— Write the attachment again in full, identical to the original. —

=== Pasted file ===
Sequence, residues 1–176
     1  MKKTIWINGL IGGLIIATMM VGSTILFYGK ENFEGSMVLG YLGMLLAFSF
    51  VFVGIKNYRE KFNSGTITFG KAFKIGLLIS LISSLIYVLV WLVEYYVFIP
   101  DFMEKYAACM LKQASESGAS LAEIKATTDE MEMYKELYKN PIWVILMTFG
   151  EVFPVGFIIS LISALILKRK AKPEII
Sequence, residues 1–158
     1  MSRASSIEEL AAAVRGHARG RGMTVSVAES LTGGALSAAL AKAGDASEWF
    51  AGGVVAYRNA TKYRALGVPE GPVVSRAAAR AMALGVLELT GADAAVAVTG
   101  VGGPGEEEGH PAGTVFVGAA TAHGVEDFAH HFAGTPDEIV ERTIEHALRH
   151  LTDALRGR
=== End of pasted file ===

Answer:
Sequence, residues 1–176
     1  MKKTIWINGL IGGLIIATMM VGSTILFYGK ENFEGSMVLG YLGMLLAFSF
    51  VFVGIKNYRE KFNSGTITFG KAFKIGLLIS LISSLIYVLV WLVEYYVFIP
   101  DFMEKYAACM LKQASESGAS LAEIKATTDE MEMYKELYKN PIWVILMTFG
   151  EVFPVGFIIS LISALILKRK AKPEII
Sequence, residues 1–158
     1  MSRASSIEEL AAAVRGHARG RGMTVSVAES LTGGALSAAL AKAGDASEWF
    51  AGGVVAYRNA TKYRALGVPE GPVVSRAAAR AMALGVLELT GADAAVAVTG
   101  VGGPGEEEGH PAGTVFVGAA TAHGVEDFAH HFAGTPDEIV ERTIEHALRH
   151  LTDALRGR